9. On March 22, 2019 Frank Fickeisen passed away at the age of 93. Frank was President of the Seattle Mountaineers when I was born. As a climber he was part of the 6th ascent of Mt. Waddington in 1960. A few years ago I posted a Trip Report that describes the climb https://cascadeclimbers.com/forum/topic/53596-tr-mt-waddington-bravo-glacier-7281960/ There were no helicopters in those days, so they flew from Campbell River into a small lake south of the mountain. In addition Frank and friends flew in a ski plane into the St. Elias Range and ascended a few surrounding peaks in 1961 https://www.mountaineers.org/about/history/the-mountaineer-annuals/indexes-annuals-maps/the-mountaineer-1961?fbclid=IwAR1Pu914woYJGO_NkVi8bhdUJPdR99HXYt09-gxvcw6BZGZTKfK8JJALsL8 In addition to serving as President of the Mountaineers, Frank was also President of the Federation of Western Outdoor Clubs. For work Frank was employed by Boeing and worked on planes including the 707, 727, 747, and 767. In addition he was involved with Boeing's discarded plans to build an SST. In later times Frank was a major player in Extended Range Operations for Twin Jet planes. In the old days only 3 or 4 engine planes were allowed to make long flights (typically over oceans). The work benefitted both Boeing and Airbus https://www.nap.edu/read/6265/chapter/1 After retiring Frank took part in lots of hiking trips with friends and one multi day ski trip in Montana. He also taught me how to ski and took me on a few mountaineering trips. Attached photo of Frank on top of Mt. St. Helens in 1967
  10. Not Alaska and no drugs https://cascadeclimbers.com/forum/topic/41382-tr-pemberton-to-hurley-river-ski-traverse-3302006/?tab=comments#comment-558051
  11. To the best of my knowledge, one or two groups have successfully climbed through a series of pinnacles where the ridge steepens. At that point the group or groups descended the north col route. It's still a long ways to the summit after ascending the pinnacles. You wouldn't meet up with the north col route until you are practically on the summit.
  12. Thirty years ago I took part in an attempt to ascend an unclimbed route on Mt Everest (NE Ridge). Our trip was during the post monsoon period (August-September). While we did have a period of good weather, snowfall became mostly non stop. At the end of August jetstream winds descended. No expedition attempting routes on the northern side of the mountain was able to summited that season. The route we attempted was the same route Peter Boardman and Joe Tasker died on. In subsequent years I believe climbers have made it through a series of pinnacles, but no one has summitted via this route. Article: https://lmtribune.com/northwest/last-men-on-the-mountain/article_962a9909-5920-52f9-9413-3a857cf43f3f.html?utm_medium=social&utm_source=facebook&utm_campaign=user-share&fbclid=IwAR3eywumm7VM5nSMLcUJQRzbyt_KQ2tlTbKcSZPQW9Qb9u2Tdf13X6XHLbs It was interesting/depressing to see how some of the Chinese liaison officers treated Tibetans. When we new we were not going to summit, two brits and myself did a 20 mile walk down the road. We told others not to say anything to the main liaison officer until trucks scheduled to drive us to Nepal showed up. Once the liaison officer caught up with us, he was a bit pissed.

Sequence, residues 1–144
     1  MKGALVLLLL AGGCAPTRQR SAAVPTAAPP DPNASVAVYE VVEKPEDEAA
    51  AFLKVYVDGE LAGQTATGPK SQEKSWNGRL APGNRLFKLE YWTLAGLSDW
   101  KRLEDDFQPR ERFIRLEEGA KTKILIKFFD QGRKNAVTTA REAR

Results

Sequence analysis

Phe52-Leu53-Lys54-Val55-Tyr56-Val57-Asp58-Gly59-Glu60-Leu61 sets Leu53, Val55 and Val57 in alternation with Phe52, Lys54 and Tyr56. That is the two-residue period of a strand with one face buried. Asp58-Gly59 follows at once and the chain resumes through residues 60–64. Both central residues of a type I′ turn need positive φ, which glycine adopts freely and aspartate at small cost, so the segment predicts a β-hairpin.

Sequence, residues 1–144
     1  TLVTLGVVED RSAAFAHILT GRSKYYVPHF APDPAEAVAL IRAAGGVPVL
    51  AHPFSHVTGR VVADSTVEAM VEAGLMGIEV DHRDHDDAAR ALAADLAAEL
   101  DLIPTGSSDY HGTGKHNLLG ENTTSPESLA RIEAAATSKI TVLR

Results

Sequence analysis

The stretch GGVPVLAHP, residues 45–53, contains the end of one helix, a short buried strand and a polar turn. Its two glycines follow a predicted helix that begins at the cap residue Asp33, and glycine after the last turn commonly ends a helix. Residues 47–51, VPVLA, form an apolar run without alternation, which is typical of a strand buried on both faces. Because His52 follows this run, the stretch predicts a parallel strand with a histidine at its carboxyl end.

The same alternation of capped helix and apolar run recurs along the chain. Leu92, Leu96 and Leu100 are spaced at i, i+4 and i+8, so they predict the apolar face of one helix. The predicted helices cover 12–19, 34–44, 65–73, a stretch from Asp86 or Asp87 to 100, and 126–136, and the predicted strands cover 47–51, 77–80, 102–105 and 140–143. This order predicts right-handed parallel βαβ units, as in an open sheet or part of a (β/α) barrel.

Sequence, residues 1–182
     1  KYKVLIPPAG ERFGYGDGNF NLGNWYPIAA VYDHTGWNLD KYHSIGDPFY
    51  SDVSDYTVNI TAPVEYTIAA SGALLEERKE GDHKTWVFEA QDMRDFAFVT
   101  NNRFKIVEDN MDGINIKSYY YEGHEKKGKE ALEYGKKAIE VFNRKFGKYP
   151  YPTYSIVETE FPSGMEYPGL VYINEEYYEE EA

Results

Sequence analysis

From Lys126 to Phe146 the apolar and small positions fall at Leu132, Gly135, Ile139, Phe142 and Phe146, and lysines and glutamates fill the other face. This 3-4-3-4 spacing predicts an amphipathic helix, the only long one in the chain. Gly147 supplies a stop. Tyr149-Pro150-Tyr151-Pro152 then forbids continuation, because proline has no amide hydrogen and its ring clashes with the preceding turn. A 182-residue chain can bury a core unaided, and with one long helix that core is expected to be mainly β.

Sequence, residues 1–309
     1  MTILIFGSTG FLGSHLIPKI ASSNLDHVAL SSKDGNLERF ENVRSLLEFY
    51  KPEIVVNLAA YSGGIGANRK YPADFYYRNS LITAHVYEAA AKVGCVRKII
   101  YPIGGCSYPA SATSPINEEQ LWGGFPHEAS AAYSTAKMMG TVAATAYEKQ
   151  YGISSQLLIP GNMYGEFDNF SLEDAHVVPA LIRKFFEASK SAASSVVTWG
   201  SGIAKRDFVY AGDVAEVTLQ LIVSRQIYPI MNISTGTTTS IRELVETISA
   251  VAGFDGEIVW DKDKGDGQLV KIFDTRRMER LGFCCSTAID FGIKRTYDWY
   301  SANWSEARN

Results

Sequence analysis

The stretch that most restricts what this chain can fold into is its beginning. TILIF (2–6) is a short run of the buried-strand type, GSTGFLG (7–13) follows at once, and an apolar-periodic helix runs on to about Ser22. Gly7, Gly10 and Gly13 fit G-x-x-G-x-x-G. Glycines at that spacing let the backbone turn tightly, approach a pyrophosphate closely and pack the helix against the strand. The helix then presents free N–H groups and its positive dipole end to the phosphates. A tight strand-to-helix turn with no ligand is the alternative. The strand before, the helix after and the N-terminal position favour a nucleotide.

13. Thanks for posting the comment link. While just a small fish, I voiced negative comments regarding mining, extraction, and destruction of the environment. Maybe too little too late, but...
  14. Nothing will ever really be solved until the Royal Canadian Kilted Yaksmen are investigating